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School achievement as a predictor of depression and self-harm in adolescence: linked education and health record study
The British Journal of Psychiatry, Volume: 212, Issue: 4, Pages: 215 - 221
Swansea University Authors: Charlotte Todd , Ann John , Jacinta Tan , Sinead Brophy
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DOI (Published version): 10.1192/bjp.2017.69
BackgroundMental disorders in children and adolescents have an impact on educational attainment.AimsTo examine the temporal association between attainment in education and subsequent diagnosis of depression or self-harm in the teenage years.MethodGeneral practitioner, hospital and education records...
|Published in:||The British Journal of Psychiatry|
Cambridge University Press
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BackgroundMental disorders in children and adolescents have an impact on educational attainment.AimsTo examine the temporal association between attainment in education and subsequent diagnosis of depression or self-harm in the teenage years.MethodGeneral practitioner, hospital and education records of young people in Wales between 1999 and 2014 were linked and analysed using Cox regression.ResultsLinked records were available for 652 903 young people and of these 33 498 (5.1%) developed depression and 15 946 (2.4%) self-harmed after the age of 12 but before the age of 20. Young people who developed depression over the study period were more likely to have achieved key stage 1 (age 7 years) but not key stage 2 (age 11) (hazard ratio (HR) = 0.79, 95% CI 0.74–0.84) milestones, indicating that they were declining in academic attainment during primary school. Conversely, those who self-harmed were achieving as well as those who did not self-harm in primary school, but showed a severe decline in their attainment during secondary school (HR = 0.72, 95% CI 0.68–0.78).ConclusionsLong-term declining educational attainment in primary and secondary school was associated with development of depression in the teenage years. Self-harm was associated with declining educational attainment during secondary school only. Incorporating information on academic decline with other known risk factors for depression/self-harm (for example stressful life events, parental mental health problems) may improve risk profiling methods.Declaration of interestNone.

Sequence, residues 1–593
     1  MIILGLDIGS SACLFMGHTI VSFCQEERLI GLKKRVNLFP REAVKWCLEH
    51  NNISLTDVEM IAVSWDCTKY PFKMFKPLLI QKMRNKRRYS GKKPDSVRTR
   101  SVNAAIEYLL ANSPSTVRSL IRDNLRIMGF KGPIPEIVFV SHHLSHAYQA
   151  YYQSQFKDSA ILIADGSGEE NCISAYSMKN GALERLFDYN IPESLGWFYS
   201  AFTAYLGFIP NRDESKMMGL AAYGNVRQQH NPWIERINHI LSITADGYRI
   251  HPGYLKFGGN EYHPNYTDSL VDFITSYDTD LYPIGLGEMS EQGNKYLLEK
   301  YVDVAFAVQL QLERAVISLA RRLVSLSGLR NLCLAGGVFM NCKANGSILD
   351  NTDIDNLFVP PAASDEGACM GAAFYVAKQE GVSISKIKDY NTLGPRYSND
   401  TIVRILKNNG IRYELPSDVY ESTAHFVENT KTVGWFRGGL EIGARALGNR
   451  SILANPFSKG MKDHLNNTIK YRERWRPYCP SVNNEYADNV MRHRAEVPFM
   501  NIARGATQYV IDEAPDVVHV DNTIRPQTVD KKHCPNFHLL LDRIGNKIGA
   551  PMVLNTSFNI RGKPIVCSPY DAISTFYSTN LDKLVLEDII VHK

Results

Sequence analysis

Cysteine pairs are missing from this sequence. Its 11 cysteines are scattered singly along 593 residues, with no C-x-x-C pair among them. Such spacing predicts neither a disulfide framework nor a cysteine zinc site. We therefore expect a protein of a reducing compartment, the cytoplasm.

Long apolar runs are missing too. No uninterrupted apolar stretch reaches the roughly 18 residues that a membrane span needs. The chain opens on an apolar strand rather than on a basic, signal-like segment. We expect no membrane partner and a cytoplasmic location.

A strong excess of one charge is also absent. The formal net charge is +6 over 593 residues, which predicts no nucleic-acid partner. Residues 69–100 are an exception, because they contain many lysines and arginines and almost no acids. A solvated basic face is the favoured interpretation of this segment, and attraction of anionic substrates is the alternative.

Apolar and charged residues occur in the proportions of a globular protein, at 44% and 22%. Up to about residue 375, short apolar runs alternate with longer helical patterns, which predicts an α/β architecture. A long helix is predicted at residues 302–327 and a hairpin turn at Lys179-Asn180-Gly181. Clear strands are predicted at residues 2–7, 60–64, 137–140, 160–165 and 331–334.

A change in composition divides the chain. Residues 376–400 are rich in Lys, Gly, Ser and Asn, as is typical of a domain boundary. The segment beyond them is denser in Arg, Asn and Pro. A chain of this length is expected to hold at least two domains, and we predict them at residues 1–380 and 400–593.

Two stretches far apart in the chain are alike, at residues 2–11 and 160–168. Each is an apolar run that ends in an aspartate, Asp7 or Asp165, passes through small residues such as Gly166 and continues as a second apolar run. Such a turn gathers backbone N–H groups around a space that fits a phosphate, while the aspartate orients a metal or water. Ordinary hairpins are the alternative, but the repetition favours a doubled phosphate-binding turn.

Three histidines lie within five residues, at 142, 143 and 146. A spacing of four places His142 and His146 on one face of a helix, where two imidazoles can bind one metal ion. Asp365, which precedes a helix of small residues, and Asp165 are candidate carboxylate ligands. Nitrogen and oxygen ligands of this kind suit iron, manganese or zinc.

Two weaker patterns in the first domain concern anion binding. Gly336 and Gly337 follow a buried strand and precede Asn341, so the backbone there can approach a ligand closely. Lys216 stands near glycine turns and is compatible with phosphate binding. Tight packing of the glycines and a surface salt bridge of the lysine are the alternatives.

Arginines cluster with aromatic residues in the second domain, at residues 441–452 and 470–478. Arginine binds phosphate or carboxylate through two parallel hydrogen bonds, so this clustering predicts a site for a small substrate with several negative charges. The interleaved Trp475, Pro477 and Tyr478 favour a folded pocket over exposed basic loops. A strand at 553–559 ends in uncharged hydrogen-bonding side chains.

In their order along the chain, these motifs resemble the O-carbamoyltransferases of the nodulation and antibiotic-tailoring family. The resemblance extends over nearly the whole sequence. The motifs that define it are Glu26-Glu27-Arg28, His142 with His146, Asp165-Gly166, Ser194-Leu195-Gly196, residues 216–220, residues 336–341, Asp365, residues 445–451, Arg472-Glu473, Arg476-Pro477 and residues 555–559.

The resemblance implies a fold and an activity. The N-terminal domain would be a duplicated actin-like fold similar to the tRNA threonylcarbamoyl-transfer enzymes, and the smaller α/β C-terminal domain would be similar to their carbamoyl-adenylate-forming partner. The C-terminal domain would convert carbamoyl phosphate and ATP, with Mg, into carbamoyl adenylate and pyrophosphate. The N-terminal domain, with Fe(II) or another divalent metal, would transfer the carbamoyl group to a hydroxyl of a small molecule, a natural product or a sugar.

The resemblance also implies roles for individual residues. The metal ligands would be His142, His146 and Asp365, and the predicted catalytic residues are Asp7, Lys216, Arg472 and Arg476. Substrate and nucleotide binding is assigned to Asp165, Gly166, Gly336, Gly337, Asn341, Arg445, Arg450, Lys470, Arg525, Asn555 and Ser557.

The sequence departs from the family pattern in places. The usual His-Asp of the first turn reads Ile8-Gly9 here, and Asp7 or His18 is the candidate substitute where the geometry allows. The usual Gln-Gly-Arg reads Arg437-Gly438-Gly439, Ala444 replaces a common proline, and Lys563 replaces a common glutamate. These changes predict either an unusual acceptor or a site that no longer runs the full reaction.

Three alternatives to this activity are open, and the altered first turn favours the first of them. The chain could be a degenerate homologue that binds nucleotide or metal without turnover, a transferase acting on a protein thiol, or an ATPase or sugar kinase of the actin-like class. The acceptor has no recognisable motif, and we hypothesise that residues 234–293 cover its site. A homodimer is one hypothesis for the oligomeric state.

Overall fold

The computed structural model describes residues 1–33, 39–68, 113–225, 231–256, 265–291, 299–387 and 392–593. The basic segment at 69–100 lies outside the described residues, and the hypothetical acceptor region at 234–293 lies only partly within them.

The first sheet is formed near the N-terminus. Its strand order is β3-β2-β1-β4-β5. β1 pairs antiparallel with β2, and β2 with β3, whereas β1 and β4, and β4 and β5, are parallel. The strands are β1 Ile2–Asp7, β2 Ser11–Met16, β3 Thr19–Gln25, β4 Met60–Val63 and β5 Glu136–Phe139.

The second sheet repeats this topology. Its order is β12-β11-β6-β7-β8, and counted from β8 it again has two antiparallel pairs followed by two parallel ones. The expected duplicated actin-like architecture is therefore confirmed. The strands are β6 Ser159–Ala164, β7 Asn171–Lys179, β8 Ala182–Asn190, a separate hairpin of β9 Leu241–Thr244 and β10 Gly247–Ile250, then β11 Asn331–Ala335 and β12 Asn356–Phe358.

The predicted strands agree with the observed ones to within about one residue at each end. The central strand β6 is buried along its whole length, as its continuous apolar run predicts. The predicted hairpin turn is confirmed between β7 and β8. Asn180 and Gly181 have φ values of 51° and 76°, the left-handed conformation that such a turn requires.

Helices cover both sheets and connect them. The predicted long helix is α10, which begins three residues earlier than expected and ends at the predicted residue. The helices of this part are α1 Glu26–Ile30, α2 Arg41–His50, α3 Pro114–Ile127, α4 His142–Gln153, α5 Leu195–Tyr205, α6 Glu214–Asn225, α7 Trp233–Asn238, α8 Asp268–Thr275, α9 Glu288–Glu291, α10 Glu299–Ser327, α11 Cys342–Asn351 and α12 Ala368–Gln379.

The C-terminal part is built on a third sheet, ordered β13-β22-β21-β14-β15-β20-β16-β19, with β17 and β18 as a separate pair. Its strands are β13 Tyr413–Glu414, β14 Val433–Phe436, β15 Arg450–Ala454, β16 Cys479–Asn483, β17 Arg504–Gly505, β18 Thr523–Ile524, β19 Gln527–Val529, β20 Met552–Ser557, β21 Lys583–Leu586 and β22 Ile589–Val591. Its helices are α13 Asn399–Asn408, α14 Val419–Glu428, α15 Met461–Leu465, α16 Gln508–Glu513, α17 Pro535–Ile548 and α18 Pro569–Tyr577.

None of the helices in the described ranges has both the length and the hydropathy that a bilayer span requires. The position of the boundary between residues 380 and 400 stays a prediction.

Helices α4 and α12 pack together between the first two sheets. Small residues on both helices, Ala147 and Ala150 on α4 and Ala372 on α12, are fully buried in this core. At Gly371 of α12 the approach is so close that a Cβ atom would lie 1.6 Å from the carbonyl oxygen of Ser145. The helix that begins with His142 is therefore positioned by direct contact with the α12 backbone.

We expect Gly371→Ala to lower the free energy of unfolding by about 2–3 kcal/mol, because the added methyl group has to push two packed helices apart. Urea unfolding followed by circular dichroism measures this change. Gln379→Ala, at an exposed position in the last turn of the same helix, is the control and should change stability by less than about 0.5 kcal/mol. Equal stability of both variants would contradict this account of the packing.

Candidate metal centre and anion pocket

Faculty of Medicine, Health and Life Sciences